This week may give us a rally that that will be the opportune time to take this action.

You don't have to completely exit your bullish positions - don't go too crazy on either side.  But you definitely need to have bearish exposure right now or else you are driving in the snow with no seat belt on.  Considering the risk (which tends to be invisible, especially in hind sight when everything worked out okay) you're better off exiting the market completely than staying completely bullish.  That statement is true even if the market never trades lower.

When we stack the odds heavily in our favor we look at too many things to mention here.  But we have a few major indications that the market is going down that I'll share with you today ...

One major indication is the activity seen in both the NYSE Bullish Percent Index and the NASDAQ Bullish Percent Index.  I won't get into detail here but these are internal indicators that currently show us that the current trend is that more and more stocks have been joining the bearish party, by moving to sell signals (as opposed to the number of stocks that have been joining the bulls by moving to buy signals).  This is all covered in the Internal Strength System.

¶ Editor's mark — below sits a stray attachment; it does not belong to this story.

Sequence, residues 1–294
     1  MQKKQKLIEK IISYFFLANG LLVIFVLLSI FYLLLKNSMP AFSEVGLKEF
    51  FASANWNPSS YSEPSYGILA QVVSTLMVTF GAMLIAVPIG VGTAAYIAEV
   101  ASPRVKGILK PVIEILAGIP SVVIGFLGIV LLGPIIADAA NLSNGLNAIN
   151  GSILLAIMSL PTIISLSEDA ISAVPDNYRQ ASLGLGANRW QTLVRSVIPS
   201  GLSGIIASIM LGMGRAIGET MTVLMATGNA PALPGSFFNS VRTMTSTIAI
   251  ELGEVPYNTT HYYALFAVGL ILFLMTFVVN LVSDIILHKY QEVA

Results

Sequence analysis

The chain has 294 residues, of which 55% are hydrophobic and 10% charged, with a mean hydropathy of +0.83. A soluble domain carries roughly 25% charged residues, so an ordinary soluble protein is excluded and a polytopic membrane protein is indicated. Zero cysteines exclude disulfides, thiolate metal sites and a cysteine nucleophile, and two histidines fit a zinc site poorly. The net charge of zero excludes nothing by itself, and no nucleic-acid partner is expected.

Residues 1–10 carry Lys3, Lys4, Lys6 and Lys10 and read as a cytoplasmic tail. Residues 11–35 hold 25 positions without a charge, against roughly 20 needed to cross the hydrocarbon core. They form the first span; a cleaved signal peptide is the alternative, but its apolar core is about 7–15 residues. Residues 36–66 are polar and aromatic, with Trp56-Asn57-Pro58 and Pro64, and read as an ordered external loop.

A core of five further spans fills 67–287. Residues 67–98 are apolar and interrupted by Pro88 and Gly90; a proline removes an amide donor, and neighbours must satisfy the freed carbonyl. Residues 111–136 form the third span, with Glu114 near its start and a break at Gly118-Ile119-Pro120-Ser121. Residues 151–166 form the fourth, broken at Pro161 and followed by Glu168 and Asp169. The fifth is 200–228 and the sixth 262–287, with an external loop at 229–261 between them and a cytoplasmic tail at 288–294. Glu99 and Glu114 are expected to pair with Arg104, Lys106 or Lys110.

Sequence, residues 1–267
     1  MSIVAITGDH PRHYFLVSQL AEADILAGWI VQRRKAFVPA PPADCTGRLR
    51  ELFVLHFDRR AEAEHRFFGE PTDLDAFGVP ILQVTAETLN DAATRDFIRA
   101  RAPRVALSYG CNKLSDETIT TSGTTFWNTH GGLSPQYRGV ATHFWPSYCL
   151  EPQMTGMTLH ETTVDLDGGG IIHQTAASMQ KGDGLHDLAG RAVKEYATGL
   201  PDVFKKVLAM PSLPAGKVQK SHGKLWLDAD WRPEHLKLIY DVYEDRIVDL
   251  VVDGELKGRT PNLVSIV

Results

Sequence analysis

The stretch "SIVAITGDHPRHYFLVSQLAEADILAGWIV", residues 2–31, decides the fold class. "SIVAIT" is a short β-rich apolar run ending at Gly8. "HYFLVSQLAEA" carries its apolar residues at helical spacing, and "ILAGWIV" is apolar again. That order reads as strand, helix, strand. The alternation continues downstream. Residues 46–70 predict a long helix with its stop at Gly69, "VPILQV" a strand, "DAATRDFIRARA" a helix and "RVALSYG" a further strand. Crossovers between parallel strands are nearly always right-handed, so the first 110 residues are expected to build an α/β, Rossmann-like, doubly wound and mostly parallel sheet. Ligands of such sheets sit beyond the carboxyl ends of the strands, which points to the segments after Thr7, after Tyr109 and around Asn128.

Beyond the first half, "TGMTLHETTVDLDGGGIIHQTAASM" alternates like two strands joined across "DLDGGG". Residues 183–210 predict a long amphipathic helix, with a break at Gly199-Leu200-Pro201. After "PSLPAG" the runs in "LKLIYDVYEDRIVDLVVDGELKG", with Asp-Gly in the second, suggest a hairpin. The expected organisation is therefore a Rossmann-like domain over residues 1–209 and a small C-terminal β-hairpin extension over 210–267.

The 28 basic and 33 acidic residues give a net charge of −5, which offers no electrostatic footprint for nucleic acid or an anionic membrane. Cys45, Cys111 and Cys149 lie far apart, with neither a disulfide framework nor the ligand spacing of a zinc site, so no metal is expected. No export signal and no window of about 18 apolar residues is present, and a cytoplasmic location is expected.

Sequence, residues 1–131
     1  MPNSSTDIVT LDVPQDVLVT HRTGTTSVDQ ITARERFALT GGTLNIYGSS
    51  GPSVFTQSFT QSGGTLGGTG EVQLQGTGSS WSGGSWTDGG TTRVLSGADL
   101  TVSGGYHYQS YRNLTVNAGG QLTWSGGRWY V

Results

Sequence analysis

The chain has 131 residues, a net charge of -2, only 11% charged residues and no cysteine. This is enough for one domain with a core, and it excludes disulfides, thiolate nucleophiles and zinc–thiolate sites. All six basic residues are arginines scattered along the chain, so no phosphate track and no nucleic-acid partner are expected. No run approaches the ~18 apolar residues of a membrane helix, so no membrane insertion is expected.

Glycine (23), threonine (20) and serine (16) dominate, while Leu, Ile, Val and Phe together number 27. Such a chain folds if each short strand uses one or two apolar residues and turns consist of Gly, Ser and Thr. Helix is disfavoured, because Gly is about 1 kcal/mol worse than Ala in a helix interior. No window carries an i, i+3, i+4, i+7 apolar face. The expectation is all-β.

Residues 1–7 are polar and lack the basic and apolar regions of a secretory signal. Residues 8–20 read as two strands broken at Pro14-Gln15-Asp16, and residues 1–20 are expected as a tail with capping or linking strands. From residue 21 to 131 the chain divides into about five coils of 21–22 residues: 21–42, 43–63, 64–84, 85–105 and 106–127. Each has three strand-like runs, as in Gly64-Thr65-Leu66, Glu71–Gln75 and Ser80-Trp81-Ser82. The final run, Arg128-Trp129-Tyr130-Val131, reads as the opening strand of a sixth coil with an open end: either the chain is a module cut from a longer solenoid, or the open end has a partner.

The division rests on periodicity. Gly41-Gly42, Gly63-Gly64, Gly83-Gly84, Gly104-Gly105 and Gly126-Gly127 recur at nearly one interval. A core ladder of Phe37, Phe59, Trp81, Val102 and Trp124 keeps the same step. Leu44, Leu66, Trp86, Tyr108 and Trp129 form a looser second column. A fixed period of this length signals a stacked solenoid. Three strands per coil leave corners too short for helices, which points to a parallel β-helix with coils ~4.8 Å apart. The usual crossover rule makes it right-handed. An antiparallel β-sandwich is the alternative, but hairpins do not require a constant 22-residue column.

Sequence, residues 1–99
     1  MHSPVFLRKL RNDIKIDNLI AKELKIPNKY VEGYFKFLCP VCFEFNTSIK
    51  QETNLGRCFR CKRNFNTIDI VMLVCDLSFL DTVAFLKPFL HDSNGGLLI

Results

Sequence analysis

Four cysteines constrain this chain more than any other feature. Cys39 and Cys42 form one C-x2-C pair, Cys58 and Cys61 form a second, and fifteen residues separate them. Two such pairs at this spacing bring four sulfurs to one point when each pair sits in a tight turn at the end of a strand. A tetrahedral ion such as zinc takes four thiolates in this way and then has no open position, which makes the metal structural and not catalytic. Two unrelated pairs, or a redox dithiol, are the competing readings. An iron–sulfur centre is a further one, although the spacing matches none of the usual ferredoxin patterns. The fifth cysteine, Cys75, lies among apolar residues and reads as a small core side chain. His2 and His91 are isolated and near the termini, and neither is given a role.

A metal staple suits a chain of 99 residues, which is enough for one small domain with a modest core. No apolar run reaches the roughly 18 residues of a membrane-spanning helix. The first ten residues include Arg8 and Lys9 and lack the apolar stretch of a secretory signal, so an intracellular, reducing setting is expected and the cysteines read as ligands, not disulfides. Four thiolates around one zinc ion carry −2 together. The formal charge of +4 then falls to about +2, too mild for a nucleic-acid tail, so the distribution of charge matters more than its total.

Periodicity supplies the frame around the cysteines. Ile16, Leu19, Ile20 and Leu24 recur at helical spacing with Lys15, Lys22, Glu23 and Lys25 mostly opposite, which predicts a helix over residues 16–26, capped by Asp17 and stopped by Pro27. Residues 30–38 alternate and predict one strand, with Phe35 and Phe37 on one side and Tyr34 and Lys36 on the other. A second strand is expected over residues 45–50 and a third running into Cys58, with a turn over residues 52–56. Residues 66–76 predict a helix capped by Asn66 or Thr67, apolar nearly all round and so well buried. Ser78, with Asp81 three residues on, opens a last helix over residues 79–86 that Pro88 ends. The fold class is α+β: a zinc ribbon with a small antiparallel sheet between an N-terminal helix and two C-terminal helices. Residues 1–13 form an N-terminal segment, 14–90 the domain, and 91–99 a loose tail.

What else are we seeing?

I know you've heard the old saying: "The Trend (rider) is Your Friend".   Well when trading the market, you want to focus on three trends:

1. The long-term (major) trend - (Several months to years)
2. The intermediate trend - (Weeks to months)
3. The short-term trend (Days to weeks)

The larger the trend is, the more powerful (and reliable) it is.  That means the long-term trend is the strongest and most likely to continue at any given time.  As a trader, you want to be sure that the next larger trend is in the direction you are trading in.  What does that mean?

If you are a short-term trader (days to weeks), you want to trade in the direction of the next larger trend which is the intermediate trend.  When you are an intermediate trend trader (weeks to months), you want to be sure you are trading in the direction of the next larger trend which is the long-term trend (months to years). 

So what are we looking at today?